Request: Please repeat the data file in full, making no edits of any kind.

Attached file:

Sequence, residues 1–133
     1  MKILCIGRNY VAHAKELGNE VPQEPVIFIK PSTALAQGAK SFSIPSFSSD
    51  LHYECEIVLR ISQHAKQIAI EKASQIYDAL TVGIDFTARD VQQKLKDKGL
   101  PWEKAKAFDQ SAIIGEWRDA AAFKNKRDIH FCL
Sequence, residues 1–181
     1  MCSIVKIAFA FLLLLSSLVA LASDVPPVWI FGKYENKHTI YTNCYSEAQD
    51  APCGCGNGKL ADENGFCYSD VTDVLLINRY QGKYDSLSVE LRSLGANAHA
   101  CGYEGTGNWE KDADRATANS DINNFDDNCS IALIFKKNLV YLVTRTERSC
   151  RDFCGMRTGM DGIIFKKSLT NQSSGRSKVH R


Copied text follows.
Sequence, residues 1–133
     1  MKILCIGRNY VAHAKELGNE VPQEPVIFIK PSTALAQGAK SFSIPSFSSD
    51  LHYECEIVLR ISQHAKQIAI EKASQIYDAL TVGIDFTARD VQQKLKDKGL
   101  PWEKAKAFDQ SAIIGEWRDA AAFKNKRDIH FCL
Sequence, residues 1–181
     1  MCSIVKIAFA FLLLLSSLVA LASDVPPVWI FGKYENKHTI YTNCYSEAQD
    51  APCGCGNGKL ADENGFCYSD VTDVLLINRY QGKYDSLSVE LRSLGANAHA
   101  CGYEGTGNWE KDADRATANS DINNFDDNCS IALIFKKNLV YLVTRTERSC
   151  RDFCGMRTGM DGIIFKKSLT NQSSGRSKVH R